Moderate/severe pediatric TBI has a negative impact on generalization of learning, which may contribute to post-injury externalizing problems.
There has been a rapid rise in the prevalence of cases of monophasic Salmonella Typhimurium (mST) in both humans and farm animals, and it has been found in pigs, cattle and poultry. It is therefore vital to have a good understanding of how to efficiently detect infected farms. The objective of this project was to determine sample type sensitivity in the detection of Salmonella to detect infected groups of animals on both pig (breeder, grower and finisher sites) and cattle (beef and dairy) farms, using data collected from a study investigating farms that were positive for mST, and to explore any variation between different age groups and management practices. A Bayesian approach in the absence of a gold standard was adopted to analyse the individual and pooled faecal sample data collected from each epidemiological group on each of the farms. The sensitivity of pooled sampling depended on the prevalence of infection in the group being sampled, with a higher prevalence leading to higher sensitivity. Pooled sampling was found to be more efficient at detecting positive groups of animals than individual sampling, with the probability of a random sample from a group of animals with 5% prevalence testing positive being equal to 15·5% for immature pigs (3·6% for an individual faecal sample, taking into account the sensitivity and infection prevalence), 7·1% for adult pigs (1·2% for individual sampling), 30% for outdoor cattle (2% for individual sampling) and 34% for indoor cattle (1% for individual sampling). The mean prevalence of each epidemiological group was higher in outdoor farms than indoor for both pigs and cattle (mean within-farm prevalence of 29·4% and 38·7% for outdoor pigs and cattle, respectively, compared to 19·8% and 22·1% for indoor pigs and cattle)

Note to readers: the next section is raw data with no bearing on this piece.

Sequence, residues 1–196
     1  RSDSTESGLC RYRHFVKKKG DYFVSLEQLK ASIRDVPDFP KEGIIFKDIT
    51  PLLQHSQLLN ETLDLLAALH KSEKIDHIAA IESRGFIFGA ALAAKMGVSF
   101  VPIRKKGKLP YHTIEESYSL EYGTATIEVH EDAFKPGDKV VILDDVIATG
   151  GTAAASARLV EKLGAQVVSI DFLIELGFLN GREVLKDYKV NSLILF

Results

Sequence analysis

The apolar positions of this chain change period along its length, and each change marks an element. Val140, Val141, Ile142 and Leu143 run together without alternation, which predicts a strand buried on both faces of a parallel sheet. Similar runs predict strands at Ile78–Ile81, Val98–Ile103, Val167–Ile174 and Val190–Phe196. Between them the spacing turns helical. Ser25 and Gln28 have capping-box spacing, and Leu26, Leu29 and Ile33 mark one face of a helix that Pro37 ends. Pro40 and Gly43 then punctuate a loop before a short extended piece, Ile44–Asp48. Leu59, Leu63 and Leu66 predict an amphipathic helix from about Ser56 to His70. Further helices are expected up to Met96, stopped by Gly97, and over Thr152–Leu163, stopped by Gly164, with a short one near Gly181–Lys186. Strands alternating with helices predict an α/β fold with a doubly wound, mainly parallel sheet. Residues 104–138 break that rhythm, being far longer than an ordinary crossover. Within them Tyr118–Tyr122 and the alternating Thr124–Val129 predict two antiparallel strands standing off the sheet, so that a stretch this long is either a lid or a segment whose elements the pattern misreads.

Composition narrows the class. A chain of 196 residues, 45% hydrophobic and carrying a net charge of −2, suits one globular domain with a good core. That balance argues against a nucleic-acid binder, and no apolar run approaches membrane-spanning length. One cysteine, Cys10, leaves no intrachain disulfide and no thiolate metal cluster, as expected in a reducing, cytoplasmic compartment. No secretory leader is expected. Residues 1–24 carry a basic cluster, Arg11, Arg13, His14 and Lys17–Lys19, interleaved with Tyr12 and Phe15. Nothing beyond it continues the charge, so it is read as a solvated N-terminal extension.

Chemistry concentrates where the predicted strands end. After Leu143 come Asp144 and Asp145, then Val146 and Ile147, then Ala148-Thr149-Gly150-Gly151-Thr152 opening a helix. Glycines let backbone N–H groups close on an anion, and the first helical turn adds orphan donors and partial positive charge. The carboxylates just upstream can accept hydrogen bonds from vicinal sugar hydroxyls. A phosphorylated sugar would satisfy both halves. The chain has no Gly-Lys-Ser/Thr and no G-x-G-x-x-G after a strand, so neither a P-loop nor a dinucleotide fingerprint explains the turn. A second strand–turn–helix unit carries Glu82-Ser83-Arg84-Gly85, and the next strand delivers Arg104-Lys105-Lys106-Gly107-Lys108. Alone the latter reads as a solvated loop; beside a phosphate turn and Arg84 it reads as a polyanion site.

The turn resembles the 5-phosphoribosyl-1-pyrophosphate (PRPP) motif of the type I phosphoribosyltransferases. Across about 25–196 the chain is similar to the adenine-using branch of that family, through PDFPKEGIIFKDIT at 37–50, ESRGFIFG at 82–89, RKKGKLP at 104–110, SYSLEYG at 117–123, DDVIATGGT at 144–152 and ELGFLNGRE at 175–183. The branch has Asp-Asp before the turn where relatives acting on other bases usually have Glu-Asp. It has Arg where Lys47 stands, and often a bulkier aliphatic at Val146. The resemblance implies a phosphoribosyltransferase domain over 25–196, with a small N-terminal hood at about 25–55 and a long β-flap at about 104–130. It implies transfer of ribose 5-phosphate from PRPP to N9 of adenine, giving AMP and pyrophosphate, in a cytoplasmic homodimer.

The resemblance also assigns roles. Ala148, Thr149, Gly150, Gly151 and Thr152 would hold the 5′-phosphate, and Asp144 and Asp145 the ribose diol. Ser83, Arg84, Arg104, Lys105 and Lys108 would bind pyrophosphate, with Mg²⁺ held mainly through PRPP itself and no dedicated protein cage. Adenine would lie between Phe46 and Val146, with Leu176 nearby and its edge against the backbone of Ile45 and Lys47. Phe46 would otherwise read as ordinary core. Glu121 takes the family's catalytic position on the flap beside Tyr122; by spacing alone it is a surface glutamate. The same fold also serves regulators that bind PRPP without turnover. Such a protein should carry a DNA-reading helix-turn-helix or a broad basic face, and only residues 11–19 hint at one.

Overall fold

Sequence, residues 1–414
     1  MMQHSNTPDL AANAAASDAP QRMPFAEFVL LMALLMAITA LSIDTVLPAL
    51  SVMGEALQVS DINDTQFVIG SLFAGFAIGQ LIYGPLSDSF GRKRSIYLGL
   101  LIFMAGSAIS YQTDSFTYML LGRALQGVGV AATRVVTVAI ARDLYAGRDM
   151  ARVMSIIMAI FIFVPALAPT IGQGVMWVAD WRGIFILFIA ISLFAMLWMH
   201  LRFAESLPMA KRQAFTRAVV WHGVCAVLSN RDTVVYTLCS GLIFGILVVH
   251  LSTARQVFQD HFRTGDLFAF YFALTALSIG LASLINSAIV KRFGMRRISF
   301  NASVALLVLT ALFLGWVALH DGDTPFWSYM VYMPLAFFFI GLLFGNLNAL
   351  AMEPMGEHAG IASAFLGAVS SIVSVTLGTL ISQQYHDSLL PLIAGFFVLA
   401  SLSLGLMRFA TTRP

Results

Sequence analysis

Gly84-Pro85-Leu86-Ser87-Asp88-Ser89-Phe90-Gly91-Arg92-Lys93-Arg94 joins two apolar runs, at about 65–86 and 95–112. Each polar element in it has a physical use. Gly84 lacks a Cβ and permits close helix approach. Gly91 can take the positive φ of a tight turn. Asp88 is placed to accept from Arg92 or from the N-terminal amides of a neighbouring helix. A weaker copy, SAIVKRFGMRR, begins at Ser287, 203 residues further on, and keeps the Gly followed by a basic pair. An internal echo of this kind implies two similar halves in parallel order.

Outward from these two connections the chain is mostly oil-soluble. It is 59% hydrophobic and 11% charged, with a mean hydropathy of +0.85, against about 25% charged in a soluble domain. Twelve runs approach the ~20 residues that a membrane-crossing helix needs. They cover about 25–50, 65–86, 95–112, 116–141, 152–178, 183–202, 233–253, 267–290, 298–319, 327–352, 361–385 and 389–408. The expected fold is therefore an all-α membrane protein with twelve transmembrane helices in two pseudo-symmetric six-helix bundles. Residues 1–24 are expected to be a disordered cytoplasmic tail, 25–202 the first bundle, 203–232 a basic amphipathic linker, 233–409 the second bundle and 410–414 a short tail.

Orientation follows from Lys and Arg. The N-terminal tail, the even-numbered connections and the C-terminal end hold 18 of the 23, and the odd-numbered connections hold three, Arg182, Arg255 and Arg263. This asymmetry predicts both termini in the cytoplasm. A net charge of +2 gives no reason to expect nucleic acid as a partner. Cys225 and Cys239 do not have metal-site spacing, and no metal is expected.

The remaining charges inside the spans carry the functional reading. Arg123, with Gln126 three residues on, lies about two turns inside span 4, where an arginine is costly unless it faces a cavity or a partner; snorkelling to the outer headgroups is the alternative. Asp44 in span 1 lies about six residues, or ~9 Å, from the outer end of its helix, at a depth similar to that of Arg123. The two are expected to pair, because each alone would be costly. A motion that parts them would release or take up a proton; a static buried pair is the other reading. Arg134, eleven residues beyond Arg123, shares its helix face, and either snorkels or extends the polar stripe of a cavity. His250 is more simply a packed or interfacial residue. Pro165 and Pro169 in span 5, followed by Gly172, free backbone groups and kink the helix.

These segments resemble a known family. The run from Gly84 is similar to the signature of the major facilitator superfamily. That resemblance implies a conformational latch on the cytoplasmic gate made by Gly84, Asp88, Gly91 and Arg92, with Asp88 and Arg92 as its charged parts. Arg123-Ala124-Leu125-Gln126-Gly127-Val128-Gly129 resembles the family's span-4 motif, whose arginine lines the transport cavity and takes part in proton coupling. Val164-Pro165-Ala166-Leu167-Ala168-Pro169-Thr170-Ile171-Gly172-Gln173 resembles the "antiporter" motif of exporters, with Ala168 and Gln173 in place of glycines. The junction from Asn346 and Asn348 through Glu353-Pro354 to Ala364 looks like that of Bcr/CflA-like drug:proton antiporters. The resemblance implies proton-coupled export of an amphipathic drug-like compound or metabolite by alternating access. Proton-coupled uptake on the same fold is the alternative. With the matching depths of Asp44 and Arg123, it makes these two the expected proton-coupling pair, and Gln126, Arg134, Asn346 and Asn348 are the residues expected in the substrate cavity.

Animals grazing on land contaminated with cadmium due to pollution such as sewage sludge application and traffic emissions ingest cadmium adhered to plants and in soil. The effects of cadmium on ruminal enzymes have been investigated (Faixová and Faix, 2002) as have the effects on the bacterial and protozoal fractions of rumen fluid (Forsberg, 1978). These studies used a single cadmium salt, usually for ease of solubility, however, differences in toxicity have been found between cadmium salts (Barrouillet et al., 2001). The aims of this study were to investigate the effects of cadmium salts and of differing concentrations of cadmium on fermentation by rumen microbes in-vitro.
Forage pollution by lead has been caused by mining, sewage sludge application, nuclear plants and traffic emissions. Animals grazing on contaminated land have a higher exposure to the toxicity posed by contamination adhered to plants and through soil ingestion. Strojan and Phillips (2002) found a decrease in gas production in the presence of lead although other parameters were not measured. The objectives of this study were to investigate the effects of different lead salts and concentrations on microbial activity of rumen micro-organisms in-vitro.
Increased serum creatine phosphokinase (C.P.K.) levels have been shown in acutely psychotic patients on admission to hospital (Meltzer, 1968). Little is known about C.P.K. activity in non-psychotic (e.g. neurotic) patients admitted under similar conditions. Psychotic patients have not been compared with non-psychotic patients over a period of time following admission. Examination of a single serum sample for C.P.K. activity in non-psychotic patients at the time of admission has shown no abnormality (Meltzer et al., 1969).